Google is Going to Start Tracking Your Credit Card Activity in the Real World
In an effort to give marketers more information on their online ad campaigns, Google is announcing a new tracking service that monitors how much money consumers spend in a brick and mortar store after seeing an online ad.
For example, if a local restaurant buys ad campaigns, with Google Attribution they’ll be able to see if those campaigns resulted in people actually coming into their restaurant and buying a meal. Previously, Google could track if sales from an ad directly correlated to an online purchase, but it didn’t give any insight into whether or not that ad might have spurred an in-store purchase for merchants.
In a blog post announcing the new service, Google said, “For the first time, Google Attribution makes it possible for every marketer to measure the impact of their marketing across devices and cross-channel - all in one place.”
The tech giant claims to already capture about 70 percent of credit and debit card purchases in the entire United States through third party partnerships. But now, with the help of the credit card companies and a new encryption method, they’ll have greater oversight of their users purchases.
"While we developed the concept for this product years ago, it required years of effort to develop a solution that could meet our stringent user privacy requirements," a Google spokesman told the BBC "To accomplish this, we developed a new, custom encryption technology that ensures users' data remains private, secure, and anonymous."
The BBC reports that Google started these kinds of insights back in 2014 when they began collecting phone location information to correlate ad campaigns with physical visits to the stores. This latest edition of credit card information gives them insight into whether people actually purchased something.
The new technology works like this: credit card companies give Google the encrypted data from their cardholders. Then, Google’s software will take that information and compare it to the profile of their users who saw relevant online ad campaigns. Google can’t actually see what someone bought or who they are, but they can tell if someone saw an ad then went into the brick and mortar store and purchased something within 24 hours, for example.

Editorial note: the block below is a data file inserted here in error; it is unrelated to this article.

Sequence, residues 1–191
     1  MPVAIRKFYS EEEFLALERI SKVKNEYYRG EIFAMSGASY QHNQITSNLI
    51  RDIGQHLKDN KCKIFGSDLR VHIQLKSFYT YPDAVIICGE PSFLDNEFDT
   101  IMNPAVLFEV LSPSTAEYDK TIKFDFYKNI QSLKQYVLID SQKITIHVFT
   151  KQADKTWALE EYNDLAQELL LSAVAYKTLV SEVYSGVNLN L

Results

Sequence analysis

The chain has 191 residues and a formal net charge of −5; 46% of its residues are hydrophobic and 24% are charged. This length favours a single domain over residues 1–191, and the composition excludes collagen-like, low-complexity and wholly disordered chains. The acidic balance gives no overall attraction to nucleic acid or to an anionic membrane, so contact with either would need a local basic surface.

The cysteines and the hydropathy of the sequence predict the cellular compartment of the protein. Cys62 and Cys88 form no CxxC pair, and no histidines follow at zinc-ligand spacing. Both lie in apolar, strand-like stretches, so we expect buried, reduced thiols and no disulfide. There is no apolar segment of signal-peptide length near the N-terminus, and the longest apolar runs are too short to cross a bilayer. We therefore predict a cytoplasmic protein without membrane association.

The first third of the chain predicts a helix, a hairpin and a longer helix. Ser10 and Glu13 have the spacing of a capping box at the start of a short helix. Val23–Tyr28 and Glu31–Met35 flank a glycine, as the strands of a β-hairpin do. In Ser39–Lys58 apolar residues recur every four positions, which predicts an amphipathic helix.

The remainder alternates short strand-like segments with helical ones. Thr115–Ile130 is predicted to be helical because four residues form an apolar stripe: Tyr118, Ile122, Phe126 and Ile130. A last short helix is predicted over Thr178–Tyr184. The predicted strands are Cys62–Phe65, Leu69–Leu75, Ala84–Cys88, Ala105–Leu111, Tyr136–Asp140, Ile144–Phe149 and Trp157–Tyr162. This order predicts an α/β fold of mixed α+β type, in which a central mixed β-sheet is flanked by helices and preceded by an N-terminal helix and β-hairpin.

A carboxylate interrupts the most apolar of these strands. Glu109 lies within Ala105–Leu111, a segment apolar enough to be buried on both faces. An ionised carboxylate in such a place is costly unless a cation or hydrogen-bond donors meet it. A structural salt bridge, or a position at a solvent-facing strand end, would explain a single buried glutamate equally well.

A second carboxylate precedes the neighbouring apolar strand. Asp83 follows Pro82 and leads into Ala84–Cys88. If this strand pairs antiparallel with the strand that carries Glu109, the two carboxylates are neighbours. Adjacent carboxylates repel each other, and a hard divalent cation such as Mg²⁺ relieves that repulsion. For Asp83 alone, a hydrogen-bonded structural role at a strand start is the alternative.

The move will thus give marketers and merchants much more information about how their campaigns impact consumers. But critics say it could prove to be a privacy violation.
“The one thing people regularly state as 'creepy' online is when an advert follows them around the internet. These plans appear to extend 'creepy' into the physical world," Renate Samson from Big Brother Watch told the BBC.
Miro Copic, a marketing professor at San Diego State University, told the LA Times this new tactic could trigger hacks, too. “The privacy implications of this are pretty massive, so Google needs to tread very carefully.”
You can avoid Google tracking your credit card purchases by navigating to their ads setting page and unchecking the box that reads "Also use Google Account activity and information to personalize ads on these websites and apps and store that data in your Google Account".